Interviews


“I want to clear my name. I want to get these people to stop bothering me.”
That was the main message from Ocean Marketing’s Paul Christoforo, a former representative for N-Control’s Avenger controller attachment. He gained immediate infamy among the Internet gaming community after a hostile customer service email exchange went viral after landing on popular gaming webcomic Penny Arcade.

In a matter of hours, Christoforo went from being just another customer service agent to a focus of ire for thousands of gamers. Christoforo was featured in mocking images and videos, and the Avenger product he was representing was hit with widespread derision and negative Amazon reviews, forcing the company to publicly drop Christoforo as its marketing representative.

A chastened Christoforo is now looking for forgiveness from the Internet community he unwittingly antagonized, saying in an interview with msnbc.com’s In-Game he was “caught on a bad day” and that he hopes they will “let sleeping dogs lie.”

(full story)


A lot has changed in the over three decades Shigeru Miyamoto has acted as Nintendo’s key creative visionary, shepherding series like Mario and The Legend of Zelda through over a dozen major iterations each. With both franchises now pushing past 25 years on the market, Miyamoto told msnbc.com’s In-Game that the evolution of Nintendo’s series has involved coordination between creating new technology and creating new gameplay simultaneously.
“In the case of ‘The Legend of Zelda Twilight Princess,’ specifically, of course we took advantage of the motion-sensing technology to some extent,” Miyamoto said of the Wii launch title that first showed off the system’s motion-sensing remote. “However, we felt that something was lacking and we wanted to do more with more precise motion sensing technology, so at that time we were able to identify the specific technology we really want to use for the next time.”

(full story)


To say that writing “Star Wars: The Old Republic” was a massive undertaking would be an understatement. Like seemingly everything in the multi-year development of Bioware’s highly anticipated massively multiplayer online (MMO) game, which has already attracted over a million players before its official launch today, the developers took their previous experience making epic single-player console role-playing games (RPGs) and scaled it up for a new gaming space.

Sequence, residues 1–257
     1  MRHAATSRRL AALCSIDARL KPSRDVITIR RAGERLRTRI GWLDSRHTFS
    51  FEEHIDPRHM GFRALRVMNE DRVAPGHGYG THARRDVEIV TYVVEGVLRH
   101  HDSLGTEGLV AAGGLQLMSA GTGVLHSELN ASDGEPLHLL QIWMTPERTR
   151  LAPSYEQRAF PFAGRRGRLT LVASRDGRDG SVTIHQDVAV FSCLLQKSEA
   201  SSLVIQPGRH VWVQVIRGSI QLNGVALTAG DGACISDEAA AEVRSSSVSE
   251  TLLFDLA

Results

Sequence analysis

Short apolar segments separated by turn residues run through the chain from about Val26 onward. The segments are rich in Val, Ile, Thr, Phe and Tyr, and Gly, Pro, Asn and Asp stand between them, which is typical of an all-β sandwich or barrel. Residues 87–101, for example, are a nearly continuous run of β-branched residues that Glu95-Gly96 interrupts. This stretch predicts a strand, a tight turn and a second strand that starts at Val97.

“The Old Republic” is “ten times bigger than any game we’ve ever done before,” Lead Writer Daniel Erickson said in an interview with msnbc.com’s In-Game. “It’s pretty much as big as every game we’ve done before put together.” The game’s 20 writers coordinated on what amounted to 60 man-years of work on the games multiple branching storylines, Erickson said, leading to the humbling thought that “it would have taken one person their entire natural life to write [the game].”

(full story)


When EA acquired the exclusive rights to the NFL license in late 2004, now-defunct publisher and former Blitz owner Midway used the opportunity to effect a bold change in direction for its popular football series, which originally debuted in arcades in 1997 as NFL Blitz.

2005′s Blitz: The League and its 2008 sequel featured fictional players and teams engaging in the kinds of activities that the real-life league would never approve of in an officially licensed game. Players earned bonus money for brutal, injury-inducing hits, which they could use to gamble on game results, buy drugs to treat injuries and even hire prostitutes to distract the opposing team.

Now, with the rights to the Blitz franchise in the hands of EA, the NFL imprimatur is back on the series’ coming relaunch, which has been in development for over a year by EA Tiburon.

“I think that without the NFL license, the game wouldn’t be NFL Blitz,” project lead Dave Ross told Gamasutra in a recent interview. “It’s kind of the hyper-real NFL football experience where you’ve got the 32 teams, 32 stadiums. For me it’s a lot of fun to choose my favorite team and go up against their rivals and opponents as I work my way through the game, so I think the game absolutely has to be NFL Blitz.”

(full article)


Legendary Nintendo game designer Shigeru Miyamoto — creator of long-running series including Donkey Kong, Mario and The Legend of Zelda — set off a bit of a firestorm Wednesday evening when a Wired report quoted him as saying he was planning on giving up his current, executive oversight role with the company in favor of a more hands-on approach to developing smaller, more personal games.

“Inside our office, I’ve been recently declaring, ‘I’m going to retire, I’m going to retire,’” Miyamoto said in the Wired report, referring to his current position at the company.
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Nintendo’s Japanese stock dropped 2 percent on the news before Nintendo put out an official retraction, stressing in part that “Shigeru Miyamoto’s role at Nintendo is not changing” and that his future priorities are “inclusive of overseeing all video game development and ensuring the quality of all products.”

Now, in an interview with msnbc.com’s In-Game, Miyamoto has repeated that assurance and clarified how he says his statements were misinterpreted.

“There is no plan to retire. I have no intention to retire,” he said through an interpreter. “And probably they won’t allow me to retire,” he continued, before quickly noting that this last part was a joke.

(full story)